NEW DELHI: India tightened security on the border with Pakistan on Monday after its military said heavily armed men, dressed in army uniforms, stormed a police station in the northern frontier state of Punjab killing ten people and wounding several others.
Indian police managed to overcome the heavily armed men after a 12-hour gun battle.
Four police officers including the local superintendent and three civilians also died in the operation in the usually calm northern state of Punjab.
“The police superintendent fought them bravely but unfortunately he was shot in the head and died on the spot,” said Anand Kumar, part of the special forces team that entered the building.
The assault only ended at around 5pm when security forces finally entered the police station where the unidentified gunmen had been holed up.
The siege focused on an abandoned building where the attackers were holed up. It dragged on because security forces had wanted to capture at least one of the militants alive, a senior government source said.
The group of attackers came in a white Maruti-Suzuki car, dressed in army uniforms, said Harcharan Bains, an adviser to Indian Punjab’s chief minister.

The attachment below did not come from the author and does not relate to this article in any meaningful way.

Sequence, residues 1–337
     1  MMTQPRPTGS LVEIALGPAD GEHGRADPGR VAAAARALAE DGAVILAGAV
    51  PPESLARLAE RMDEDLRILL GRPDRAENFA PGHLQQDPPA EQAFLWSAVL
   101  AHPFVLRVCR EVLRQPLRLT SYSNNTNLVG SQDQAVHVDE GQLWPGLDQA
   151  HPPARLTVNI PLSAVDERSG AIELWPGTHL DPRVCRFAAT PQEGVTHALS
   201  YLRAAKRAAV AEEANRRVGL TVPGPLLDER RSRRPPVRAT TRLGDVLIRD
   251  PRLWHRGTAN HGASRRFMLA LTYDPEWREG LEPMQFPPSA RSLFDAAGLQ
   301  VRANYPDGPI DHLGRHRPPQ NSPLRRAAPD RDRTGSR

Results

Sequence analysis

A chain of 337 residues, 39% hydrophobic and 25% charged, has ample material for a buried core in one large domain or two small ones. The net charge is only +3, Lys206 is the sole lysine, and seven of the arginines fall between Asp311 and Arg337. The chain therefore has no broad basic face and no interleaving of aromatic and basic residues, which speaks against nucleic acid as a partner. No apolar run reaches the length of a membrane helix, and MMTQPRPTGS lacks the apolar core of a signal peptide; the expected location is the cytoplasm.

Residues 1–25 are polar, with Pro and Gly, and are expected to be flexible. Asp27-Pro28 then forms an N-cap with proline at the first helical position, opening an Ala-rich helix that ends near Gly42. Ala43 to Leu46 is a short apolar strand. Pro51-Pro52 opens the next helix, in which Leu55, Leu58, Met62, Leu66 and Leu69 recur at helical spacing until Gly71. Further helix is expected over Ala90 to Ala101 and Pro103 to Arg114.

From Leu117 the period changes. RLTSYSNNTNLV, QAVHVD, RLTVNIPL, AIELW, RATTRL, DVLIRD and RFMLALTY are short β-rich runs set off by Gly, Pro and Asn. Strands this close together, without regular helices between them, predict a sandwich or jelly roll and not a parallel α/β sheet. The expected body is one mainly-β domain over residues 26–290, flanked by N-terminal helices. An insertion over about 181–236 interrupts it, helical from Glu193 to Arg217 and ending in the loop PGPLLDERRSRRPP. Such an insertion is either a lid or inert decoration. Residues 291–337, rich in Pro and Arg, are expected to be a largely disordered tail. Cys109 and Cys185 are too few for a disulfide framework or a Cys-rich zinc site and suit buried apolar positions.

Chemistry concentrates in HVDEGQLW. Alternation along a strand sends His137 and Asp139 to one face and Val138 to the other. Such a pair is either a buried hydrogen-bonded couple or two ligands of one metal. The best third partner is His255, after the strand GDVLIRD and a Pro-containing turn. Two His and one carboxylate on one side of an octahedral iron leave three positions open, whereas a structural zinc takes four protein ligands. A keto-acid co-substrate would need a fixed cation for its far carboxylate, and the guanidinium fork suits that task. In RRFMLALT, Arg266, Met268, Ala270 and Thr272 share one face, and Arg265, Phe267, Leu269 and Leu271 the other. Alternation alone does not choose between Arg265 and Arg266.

The militants hijacked a car and then fired at the bus and a roadside eatery before attacking a police station near Gurdaspur, a border town in Punjab, police said. Eight injured people were hospitalised, seven of them in serious condition, the Press Trust of India news agency reported.
Five bombs were also found planted on a railway track in the state, suggesting an attempted coordinated attack around the time when India is marking the anniversary of a near-war with Pakistan in northern Kashmir in 1999.
Jitendra Singh, a junior minister in Prime Minister Narendra Modi’s office, alleged Pakistan’s involvement. “There have been earlier reports of Pakistan infiltration and cross-border mischief in this area,” said Singh, whose constituency in the Jammu region borders Gurdaspur.
However, director general of Punjab police, Sumedh Singh Saini said, “It is too early to say who the attackers were.”
Pakistan has denied any involvement in insurgencies in Indian Punjab and Jammu and Kashmir.
Federal Home Minister Rajnath Singh said he had spoken to the head of India’s Border Security Force and “instructed him to step up the vigil” on the border.
“The situation is under control,” Singh told reporters.
Police are investigating whether the militants came from the Indian portion of Kashmir, or from across the border.
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